The students from SoMa’s Bessie Carmichael Elementary, against my better judgement, were to ones to push down the level detonating… whatever was going to mark the groundbreak of SFMOMA’s planned two-and-a-half years of closure for massive renovations expansions this morning.
When glitter cannons took the place of the further obliteration of the building behind Supervisor Jane Kim and the museum trustees with their hard hats and decorative shovels, I breathed a sigh of relief. I should have known any cultural institution with the foresight to build a DIY graffiti wall made of cookies wouldn’t allow minors to be injured.
You’ll probably want to say hasta luego to the Bay Area’s premier contemporary art museum by attending the Countdown Days celebration, which’ll bring ecosexual performance artists Annie Sprinkle and Beth Stephens, dancer-force Marc Bamuthi Joseph, Homobiles, TCHO Chocolate, Guillermo Gómez-Peña, one-canvas docent explorations, and much more, culminating in a 24-hour extravaganza, to the soon-to-be-shuttered atriums and galleries Thu/30-Sun/2.
Dry your eyes though kitty-cat, when the museum returns, it’ll be free to visitors under 18 and larger by 225,000 square feet at an estimated cost of $610 million. 41,000 square feet of free-access public space has been promised, in addition to a new seventh floor outdoor terrace and massive vertical gardens.
While we wait for 2016 to arrive, art fans are invited to enjoy special roaming installations, like the Mark di Suvero sculptures already gracing Crissy Field.
The Contemporary Jewish Museum, Yerba Buena Center for the Arts, and Asian Art Museum, and other venues will be hosting special SFMOMA collaborations.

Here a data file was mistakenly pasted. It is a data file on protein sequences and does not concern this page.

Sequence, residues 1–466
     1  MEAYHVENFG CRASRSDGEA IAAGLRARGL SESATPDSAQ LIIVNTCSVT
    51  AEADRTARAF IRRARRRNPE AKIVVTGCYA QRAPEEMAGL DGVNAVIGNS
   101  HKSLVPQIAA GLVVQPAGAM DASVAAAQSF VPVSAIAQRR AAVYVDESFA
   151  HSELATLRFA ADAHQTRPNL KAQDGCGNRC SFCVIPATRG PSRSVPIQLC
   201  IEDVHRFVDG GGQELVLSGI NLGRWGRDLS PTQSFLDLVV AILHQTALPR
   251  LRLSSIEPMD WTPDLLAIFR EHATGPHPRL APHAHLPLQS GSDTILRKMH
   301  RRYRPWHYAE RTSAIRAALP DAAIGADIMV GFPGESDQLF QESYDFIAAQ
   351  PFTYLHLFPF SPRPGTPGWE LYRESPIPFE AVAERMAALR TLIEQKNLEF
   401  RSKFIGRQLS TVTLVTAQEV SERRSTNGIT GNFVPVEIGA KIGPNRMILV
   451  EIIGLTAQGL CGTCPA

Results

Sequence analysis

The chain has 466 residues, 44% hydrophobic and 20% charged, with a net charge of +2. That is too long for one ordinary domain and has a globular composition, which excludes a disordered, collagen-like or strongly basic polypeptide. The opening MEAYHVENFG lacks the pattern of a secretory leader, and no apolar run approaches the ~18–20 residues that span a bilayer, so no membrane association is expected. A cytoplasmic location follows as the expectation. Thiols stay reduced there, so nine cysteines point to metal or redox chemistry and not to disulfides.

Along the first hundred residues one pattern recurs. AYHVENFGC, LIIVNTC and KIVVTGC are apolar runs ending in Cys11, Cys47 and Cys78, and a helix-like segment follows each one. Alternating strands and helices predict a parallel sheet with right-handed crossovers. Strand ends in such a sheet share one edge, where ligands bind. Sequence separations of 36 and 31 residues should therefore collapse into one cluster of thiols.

Here’s what we have to look forward to with the new design, courtesy its creators, Norway’s Snøhetta architecture firm.
Turn around girl…
… There it is.
Today’s groundbreaking included aforementioned cookie wall, accompanied by some sadly impotent spray cans of edible spray paint. Groundbreakers were encouraged to spray, then walk off with a souvenir “brick” baker by Blue Bottle Coffee pastry chef Caitlin Freeman. I ate mine when it feel apart in my hands: a delicious impermanence, sonly slightly troubling in that the cookie wall was meant to mimick Snøhetta’s architectural style.
Delicious cookie wall
I’m sure it will be fine. Here are the little ones charged with ushering the SF arts scene into the future.
And Supervisor Kim, in a chain metal scarf-necklace that topped off the single best outfit I’ve seen a city politician sport.
Museum trustees and officials praised the city’s “universal support” towards getting the renovations funded, which was also supported by private donors, including $5 million from anonymous sources. An estimated 1,400 construction jobs wil be created by the project, say museum PR materials.
Swing through for one last look at the current facilities, and check out the future if you’re so inclined. Download this app by Brooklyn’s Will Pappenheimer and John Craig Freeman and pull out your phone at 10 points throughout the SFMOMA to view:
Artist-created motifs that riff on features of the museum—such as plants from the new vertical garden and fragments from the current building—merge with iconic images from the Bay Area’s natural and tech environments to create a circling vortex of animation through and around the building, as well as floating off into space.
SFMOMA Countdown Celebration
Thu/30-Fri/31, 10am-9:45pm; open continuously Sat/1, 10am-Sun/2, 5:45pm
151 Third St., SF